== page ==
Success in Unlikely Places
When Debbi LoCicero ’80 graduated from UWM’s School of Architecture & Urban Planning, the U.S. was in the middle of a recession, with unemployment at historically high levels. As a new graduate, she knew jobs would be hard to come by.
To make her more marketable, she decided to apply for a summer job with the U.S. Army Corps of Engineers in Omaha, Nebraska. Even though the job was outside her comfort level and far from her family and friends, she believed it would provide her with experience for a few months before she went looking for a job in the fall.
“Little did I know that that summer job would be my entry into the best career choice I could have made,” Debbi recalls. That temporary job evolved into a full-time position and a rewarding 32-year career with the federal government. “The day I started working for the Department of Defense changed my life as a person and as an architect.”
Her early projects included hospital and clinic renovations as well as project reviews of healthcare facilities. “I knew my projects would make a difference in the lives of active-duty military, their families and retirees, and every day I went to work, I thought about these users in my buildings,” Debbi says. “I was fascinated by the complexity of these facilities, and I knew I would focus on this building type throughout my career.”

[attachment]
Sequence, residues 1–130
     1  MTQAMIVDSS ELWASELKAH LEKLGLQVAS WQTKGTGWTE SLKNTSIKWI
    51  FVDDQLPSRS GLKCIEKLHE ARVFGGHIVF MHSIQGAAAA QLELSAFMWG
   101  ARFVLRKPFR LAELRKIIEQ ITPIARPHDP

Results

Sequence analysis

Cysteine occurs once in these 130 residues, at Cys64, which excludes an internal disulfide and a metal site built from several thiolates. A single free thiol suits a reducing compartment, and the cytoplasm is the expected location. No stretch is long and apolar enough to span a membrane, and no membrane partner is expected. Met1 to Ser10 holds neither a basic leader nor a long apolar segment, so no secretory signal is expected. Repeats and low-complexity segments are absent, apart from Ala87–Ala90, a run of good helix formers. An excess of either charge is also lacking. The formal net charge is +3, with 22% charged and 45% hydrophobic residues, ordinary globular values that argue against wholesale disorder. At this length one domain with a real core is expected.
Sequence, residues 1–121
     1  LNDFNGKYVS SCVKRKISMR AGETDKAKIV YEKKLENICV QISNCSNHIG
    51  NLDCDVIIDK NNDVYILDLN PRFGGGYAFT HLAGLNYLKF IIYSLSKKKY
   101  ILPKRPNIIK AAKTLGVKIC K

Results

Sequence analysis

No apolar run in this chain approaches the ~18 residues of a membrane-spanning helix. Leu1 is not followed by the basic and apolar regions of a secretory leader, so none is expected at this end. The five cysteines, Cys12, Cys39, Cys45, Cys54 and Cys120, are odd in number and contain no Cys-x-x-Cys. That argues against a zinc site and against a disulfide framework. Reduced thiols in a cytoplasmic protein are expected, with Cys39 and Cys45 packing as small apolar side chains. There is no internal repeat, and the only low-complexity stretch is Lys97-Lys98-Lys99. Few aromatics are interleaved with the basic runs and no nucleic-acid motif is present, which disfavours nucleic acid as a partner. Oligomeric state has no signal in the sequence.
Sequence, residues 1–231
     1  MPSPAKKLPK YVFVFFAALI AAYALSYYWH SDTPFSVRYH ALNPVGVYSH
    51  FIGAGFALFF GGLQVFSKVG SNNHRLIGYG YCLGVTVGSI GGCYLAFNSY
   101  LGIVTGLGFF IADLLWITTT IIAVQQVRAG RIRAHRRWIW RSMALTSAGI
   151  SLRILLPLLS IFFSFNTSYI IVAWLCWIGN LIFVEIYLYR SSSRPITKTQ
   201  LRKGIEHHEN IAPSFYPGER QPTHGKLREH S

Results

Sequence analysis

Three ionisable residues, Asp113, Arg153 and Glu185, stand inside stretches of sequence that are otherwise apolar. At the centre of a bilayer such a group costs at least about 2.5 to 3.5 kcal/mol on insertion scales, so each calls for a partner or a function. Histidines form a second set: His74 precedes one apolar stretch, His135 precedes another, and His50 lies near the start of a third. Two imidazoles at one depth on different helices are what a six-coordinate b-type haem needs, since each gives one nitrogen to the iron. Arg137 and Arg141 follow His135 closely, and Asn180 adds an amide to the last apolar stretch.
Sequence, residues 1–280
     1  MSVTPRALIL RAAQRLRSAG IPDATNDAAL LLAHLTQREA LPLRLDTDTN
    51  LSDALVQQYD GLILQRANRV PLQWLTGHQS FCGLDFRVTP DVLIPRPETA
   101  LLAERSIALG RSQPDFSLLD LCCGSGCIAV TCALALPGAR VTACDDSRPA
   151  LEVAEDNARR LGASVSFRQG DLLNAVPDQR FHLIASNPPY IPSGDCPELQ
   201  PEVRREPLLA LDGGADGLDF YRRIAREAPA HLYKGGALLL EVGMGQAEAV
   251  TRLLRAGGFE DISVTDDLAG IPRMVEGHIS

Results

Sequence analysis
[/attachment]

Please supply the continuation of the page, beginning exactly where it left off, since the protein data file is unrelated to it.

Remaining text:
She went on to plan highly specialized biomedical research labs and eventually became a program executive, managing a portfolio of worldwide laboratory projects worth more than $2.5 billion in construction value.
Debbi says her career trajectory was all because of the education she received at the School of Architecture & Urban Planning. “My professors were there to coach, critique, reinforce the positive, and teach me to learn from mistakes. Studio projects challenged me to explore alternatives and think about outcomes before settling on a solution, to think strategically, to focus on important design goals as well as the small details, to work in teams, and to never underestimate what I was capable to achieving.”
Now Debbi wants to give those same opportunities to a new generation of architecture students. To do that, she has included the UWM Foundation in her estate plans in order to establish the Debbi D. LoCicero Scholarship. Her message to her future recipients is this: “My hope is that this scholarship gives you the building blocks of your architectural foundation. Take chances and try something different. Who knows where the path will take you?”